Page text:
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Wheeler Perry Company v. Mortgage Bond Company of New York

Supreme Court of Arizona

December 27, 1932

WHEELER PERRY COMPANY, a Corporation, Appellant,

APPEAL from an order of the Superior Court of the County of Maricopa. M. T. Phelps, Judge. Judgment affirmed.

Messrs. Mathews & Bilby and Mr. T. K. Shoenhair, for Appellant.

Messrs. Kibbey, Bennett, Gust, Smith & Rosenfeld and Messrs. Silverthorne & Van Spanckeren, for Appellee.


[41 Ariz. 248] JENCKES, Superior Judge.

The appellee, plaintiff below, brought suit against Susanna Holden and Harry Holden, husband and wife, and the appellant, Wheeler Perry Company, to foreclose a certain mortgage which it held against lot 14, block 4 of Mount Pleasant addition, Maricopa county, Arizona, executed by the Holdens, securing a principal indebtedness of $4,500. The appellant was made a party defendant as a judgment creditor of the Holdens claiming a judgment lien against the mortgaged premises. The Holdens defaulted, making no defense. The appellant filed an answer setting up its judgment and asking to have its lien declared superior to that of the plaintiff's mortgage. The plaintiff replied to that answer alleging that the Holdens had therefore filed a declaration of homestead in the office of the county recorder of Maricopa county claiming said lot 14, together with lot 13 adjoining the same, as their homestead, and that in consequence thereof, at the time of the execution [41 Ariz. 249] and delivery to it of said mortgage, held said lot "free and clear of the judgment lien of the defendant Wheeler Perry Company." Upon the trial of the case on January 16th, 1932, the trial court excluded from evidence the said declaration of homestead offered by the plaintiff upon the objection of appellant, on the ground that it did not "particularly describe" the premises claimed to be exempt, as required by section 1732, Revised Code of Arizona 1928. After holding the case under advisement for a time, the trial court entered judgment in favor of the appellant that its judgment lien was superior to appellee's mortgage lien. However, before the entry of the judgment the trial court permitted the appellant to file an affidavit by which it was made to appear that on March 25th, 1932, the Holdens had filed another declaration whereby they claimed as their homestead lots 12 and 13 in said block 4 of Mount Pleasant addition, excluding therefrom the said lot 14, the subject of controversy in this case. Thereafter appellee filed a motion for new trial which was granted by the trial court upon the theory that error had been committed in excluding from the evidence the said declaration of homestead offered by appellee. This appeal is prosecuted by appellant from the order of the trial court granting the motion for new trial.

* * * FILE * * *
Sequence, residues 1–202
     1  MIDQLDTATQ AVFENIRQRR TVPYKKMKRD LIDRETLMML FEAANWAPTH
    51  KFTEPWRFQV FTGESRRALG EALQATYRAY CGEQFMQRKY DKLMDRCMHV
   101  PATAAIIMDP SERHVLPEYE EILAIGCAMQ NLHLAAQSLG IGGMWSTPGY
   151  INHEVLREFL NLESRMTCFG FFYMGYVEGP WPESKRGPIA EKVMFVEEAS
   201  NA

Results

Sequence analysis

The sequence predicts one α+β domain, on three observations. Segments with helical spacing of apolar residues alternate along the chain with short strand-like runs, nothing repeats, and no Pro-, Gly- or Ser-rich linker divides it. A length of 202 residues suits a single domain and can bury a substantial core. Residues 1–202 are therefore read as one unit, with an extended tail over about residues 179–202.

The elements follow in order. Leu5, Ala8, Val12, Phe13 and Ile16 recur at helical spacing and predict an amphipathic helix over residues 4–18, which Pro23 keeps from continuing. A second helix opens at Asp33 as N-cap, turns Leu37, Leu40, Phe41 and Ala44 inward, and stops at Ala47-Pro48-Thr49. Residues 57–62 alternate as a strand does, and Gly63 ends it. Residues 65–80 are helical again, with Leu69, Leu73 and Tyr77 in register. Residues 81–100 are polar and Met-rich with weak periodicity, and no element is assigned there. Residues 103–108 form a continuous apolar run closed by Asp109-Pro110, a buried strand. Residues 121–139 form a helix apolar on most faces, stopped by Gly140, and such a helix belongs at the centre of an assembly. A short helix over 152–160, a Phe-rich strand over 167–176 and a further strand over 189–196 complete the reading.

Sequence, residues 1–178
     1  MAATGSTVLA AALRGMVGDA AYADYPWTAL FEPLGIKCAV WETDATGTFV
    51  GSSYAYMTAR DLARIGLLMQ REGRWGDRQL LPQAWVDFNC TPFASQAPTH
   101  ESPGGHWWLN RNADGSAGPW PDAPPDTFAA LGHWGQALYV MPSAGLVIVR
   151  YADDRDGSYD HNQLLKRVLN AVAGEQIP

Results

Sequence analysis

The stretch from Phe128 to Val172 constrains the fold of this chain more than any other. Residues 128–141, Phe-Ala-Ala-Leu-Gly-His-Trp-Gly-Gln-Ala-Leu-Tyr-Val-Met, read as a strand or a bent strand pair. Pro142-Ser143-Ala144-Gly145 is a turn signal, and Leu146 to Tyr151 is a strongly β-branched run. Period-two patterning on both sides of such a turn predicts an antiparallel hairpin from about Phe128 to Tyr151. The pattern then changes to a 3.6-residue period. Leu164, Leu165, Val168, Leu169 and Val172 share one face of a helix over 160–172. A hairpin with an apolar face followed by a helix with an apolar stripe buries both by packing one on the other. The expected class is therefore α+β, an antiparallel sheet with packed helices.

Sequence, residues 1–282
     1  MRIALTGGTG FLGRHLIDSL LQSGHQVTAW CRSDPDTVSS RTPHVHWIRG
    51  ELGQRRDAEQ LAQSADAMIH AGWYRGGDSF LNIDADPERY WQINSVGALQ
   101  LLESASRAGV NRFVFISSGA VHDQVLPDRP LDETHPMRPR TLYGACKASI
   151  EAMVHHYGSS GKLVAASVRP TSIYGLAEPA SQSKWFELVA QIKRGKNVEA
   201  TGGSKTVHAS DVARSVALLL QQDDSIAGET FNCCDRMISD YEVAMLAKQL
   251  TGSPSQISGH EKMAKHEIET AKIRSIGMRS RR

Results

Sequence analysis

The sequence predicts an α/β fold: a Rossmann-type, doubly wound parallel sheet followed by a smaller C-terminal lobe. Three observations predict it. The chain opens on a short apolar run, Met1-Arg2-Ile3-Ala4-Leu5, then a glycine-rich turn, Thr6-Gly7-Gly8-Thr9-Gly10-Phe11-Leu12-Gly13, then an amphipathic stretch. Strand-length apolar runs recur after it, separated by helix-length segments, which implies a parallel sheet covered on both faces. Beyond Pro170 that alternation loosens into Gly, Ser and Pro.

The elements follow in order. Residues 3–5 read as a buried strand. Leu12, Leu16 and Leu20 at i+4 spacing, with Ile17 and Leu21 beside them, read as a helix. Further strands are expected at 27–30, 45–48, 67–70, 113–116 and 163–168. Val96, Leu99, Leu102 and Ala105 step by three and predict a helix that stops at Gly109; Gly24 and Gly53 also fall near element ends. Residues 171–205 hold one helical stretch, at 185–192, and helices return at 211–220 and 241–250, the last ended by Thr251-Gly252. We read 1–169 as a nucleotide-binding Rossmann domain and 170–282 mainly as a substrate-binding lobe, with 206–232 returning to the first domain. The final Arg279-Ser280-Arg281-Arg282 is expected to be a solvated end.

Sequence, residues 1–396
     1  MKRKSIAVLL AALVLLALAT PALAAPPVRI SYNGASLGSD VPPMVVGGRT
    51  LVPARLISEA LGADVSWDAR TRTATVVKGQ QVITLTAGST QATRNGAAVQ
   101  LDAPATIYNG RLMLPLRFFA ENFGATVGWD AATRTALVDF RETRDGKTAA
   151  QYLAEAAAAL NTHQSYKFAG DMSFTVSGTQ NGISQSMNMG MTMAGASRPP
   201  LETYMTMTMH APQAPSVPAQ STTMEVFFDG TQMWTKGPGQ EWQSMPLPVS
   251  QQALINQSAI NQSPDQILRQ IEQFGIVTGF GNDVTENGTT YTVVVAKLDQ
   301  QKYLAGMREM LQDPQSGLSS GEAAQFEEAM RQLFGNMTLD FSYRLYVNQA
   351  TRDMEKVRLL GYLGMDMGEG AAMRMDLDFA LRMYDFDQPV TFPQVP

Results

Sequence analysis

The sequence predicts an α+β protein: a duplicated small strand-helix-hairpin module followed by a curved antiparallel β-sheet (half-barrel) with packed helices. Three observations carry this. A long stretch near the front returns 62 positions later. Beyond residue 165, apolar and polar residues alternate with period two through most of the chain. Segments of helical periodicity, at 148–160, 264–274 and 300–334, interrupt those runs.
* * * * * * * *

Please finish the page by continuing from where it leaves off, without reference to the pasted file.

Appellant assigns this order as error, contending that the trial court committed no error in excluding the exhibit in the first instance, and, further, that, notwithstanding such exhibit may have been admissible, the showing made later to the trial court that the Holdens had canceled the declaration of homestead represented by such exhibit by filing a new declaration excluding said lot 14, rendered the exhibit tendered irrelevant and immaterial to the issue presented.

[41 Ariz. 250] It must be remembered that the defendants, the Holdens, made no appearance in the case, and that the sole issue upon the trial as between the plaintiff and the defendant Wheeler Perry Company was as to whose lien had priority. The proof conclusively showed that, if appellant had any lien against the said lot 14, it was prior in time to that of appellee. However, appellee's contention

Page 332

as raised by its reply to appellant's answer, that by reason of the filing of the declaration of homestead the Holdens held this lot free and clear of the judgment lien of appellant, is well taken, provided the declaration was in such form as to be available as a homestead exemption.

Paragraph 3289, Revised Statutes Arizona 1913, under which the declaration was filed, reads as follows:

"Any person wishing to avail himself or herself of the provisions of the foregoing section shall make out under oath his or her claim in writing, showing that he or she is the head of a family, and also particularly describing the land claimed and stating the value thereof, and shall file the same for record in the office of the county recorder in the county where the land lies."

The land claimed as exempt was described in the declaration as lots 13 and 14 in Mount Pleasant tract, omitting the number of the block (block 4), as being the property upon which the declarants reside. The proof showed that the Holdens resided upon lots 13 and 14 of block 4 of said tract at the time of filing the declaration and continued so to reside until the time of the trial.

Appellant argues that, inasmuch as the declaration omitted the number of the block, it failed in the requirement of the statute to "particularly describe" the land claimed, and is therefore ineffectual as a claim of homestead.

[41 Ariz. 251] "A description of the premises is essential to a valid declaration of homestead, but the description need not be more particular than is required in the case of a deed." 29 C.J. 814, par. 69; Ornbaum v. His Creditors,61 Cal. 455; Schuyler v. Broughton,76 ...

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